A large cluster of nerves and blood vessels that supply the arm travel from the neck and through a few narrow channels down through the shoulder and into the arm and hand. These channels can sometimes become even more narrow, resulting in compression of those nerves and blood vessels. This can cause a variety of symptoms, ranging from mild tingling and numbness to poor circulation throughout the arm and into the hand and fingers. This is what’s known as Thoracic outlet syndrome (TOS).
There are two primary types of compression:
- Costoclavicular is the result of the space between the collar bone and first rib becoming narrower.
- Compression by the scalenes, 3 small muscles within the side of the neck, can occur as tension builds in the area.
While Thoracic Outlet Syndrome can be caused by sudden trauma, it’s more often caused by repetitive actions and postures. Those who have jobs or habits that require movement of the arm up and forward over and over again are more likely to develop TOS, experiencing the telltale symptoms of pain, tingling, numbness, weakness, swelling, and coldness in the shoulder, arm, hand, and fingers. Treatments vary depending on the area and intensity. Most patients will be prescribed physical therapy, anti-inflammatory medications, and in severe cases where these less invasive treatments aren’t successful or severe damage is imminent, surgery may be necessary to take the pressure off the nerves and blood vessels.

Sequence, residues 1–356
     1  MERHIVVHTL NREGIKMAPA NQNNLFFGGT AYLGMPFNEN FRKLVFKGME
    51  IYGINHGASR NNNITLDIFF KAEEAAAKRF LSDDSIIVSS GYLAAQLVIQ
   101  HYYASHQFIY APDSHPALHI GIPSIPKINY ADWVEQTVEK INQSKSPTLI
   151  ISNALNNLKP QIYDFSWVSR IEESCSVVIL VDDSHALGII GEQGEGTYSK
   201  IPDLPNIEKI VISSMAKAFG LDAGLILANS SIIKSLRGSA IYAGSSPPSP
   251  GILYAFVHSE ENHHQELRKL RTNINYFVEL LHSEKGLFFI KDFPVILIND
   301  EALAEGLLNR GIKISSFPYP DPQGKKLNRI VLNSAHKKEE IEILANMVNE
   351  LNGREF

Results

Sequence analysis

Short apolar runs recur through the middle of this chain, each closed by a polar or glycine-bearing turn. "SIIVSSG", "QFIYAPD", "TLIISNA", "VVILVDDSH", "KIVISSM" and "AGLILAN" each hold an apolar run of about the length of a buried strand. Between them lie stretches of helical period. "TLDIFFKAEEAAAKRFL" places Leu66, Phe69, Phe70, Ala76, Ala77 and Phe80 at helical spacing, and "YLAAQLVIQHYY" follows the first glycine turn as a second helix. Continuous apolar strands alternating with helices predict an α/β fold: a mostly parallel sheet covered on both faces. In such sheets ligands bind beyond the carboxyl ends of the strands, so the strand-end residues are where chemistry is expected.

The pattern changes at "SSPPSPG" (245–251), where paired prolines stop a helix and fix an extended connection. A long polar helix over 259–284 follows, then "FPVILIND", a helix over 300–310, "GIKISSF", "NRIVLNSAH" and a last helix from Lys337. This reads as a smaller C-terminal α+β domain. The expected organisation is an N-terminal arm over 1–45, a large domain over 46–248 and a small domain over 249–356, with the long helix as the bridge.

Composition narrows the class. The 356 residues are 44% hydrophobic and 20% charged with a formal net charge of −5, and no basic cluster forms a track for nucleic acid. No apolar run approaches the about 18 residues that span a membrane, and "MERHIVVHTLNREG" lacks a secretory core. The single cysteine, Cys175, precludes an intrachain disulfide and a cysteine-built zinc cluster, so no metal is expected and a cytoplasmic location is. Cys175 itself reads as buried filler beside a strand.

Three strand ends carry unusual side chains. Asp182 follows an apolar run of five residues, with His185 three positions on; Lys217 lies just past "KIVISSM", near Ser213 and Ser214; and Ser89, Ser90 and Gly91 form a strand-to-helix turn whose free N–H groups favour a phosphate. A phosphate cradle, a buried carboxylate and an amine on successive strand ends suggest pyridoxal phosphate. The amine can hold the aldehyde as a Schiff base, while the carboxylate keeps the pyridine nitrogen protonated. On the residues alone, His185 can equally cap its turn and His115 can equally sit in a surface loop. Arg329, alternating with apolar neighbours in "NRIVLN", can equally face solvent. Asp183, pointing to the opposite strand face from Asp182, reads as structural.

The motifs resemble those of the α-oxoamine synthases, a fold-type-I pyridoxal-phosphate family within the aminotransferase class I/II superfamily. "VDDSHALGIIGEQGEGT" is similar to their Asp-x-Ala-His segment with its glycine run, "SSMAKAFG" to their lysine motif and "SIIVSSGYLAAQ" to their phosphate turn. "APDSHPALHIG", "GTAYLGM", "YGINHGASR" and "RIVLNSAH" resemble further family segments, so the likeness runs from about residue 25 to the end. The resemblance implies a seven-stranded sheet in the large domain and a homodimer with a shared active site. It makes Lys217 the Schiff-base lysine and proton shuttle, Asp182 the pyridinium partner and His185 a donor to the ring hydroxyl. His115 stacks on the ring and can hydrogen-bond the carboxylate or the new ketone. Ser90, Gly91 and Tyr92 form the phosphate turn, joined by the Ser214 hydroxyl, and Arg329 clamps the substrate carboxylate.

Massage therapy is an excellent addition to most treatment plans for Thoracic Outlet Syndrome. The compression caused by the scalenes can be decreased by relieving those muscles of tension through direct massage of the upper shoulders, neck, upper chest, and jaw. If the compression is costoclavicular, massage can often help to increase the space between the collar bone and the first rib. Along with stretching and some strategic mobilizations, mild cases of TOS can often be handled well by a knowledgeable massage therapist. You may also notice that we’ll massage throughout the entire neck, shoulders, back, and arms in order to alleviate any associated tension, decrease problematic holding patterns, and otherwise treat contributing issues within those areas.
It’s important to remember to communicate throughout the session. We’ll need to know if certain movements or pressure in specific areas either relieves your symptoms or makes them worse as we go. That information is how we make adjustments for your comfort (we don’t want you to be in pain during treatment), and it also provides important clues as to how to best treat your specific type of Thoracic Outlet Syndrome. If you’re experiencing symptoms of TOS, or already have a diagnosis, ask your doctor if massage therapy might be a beneficial addition to your treatment plan.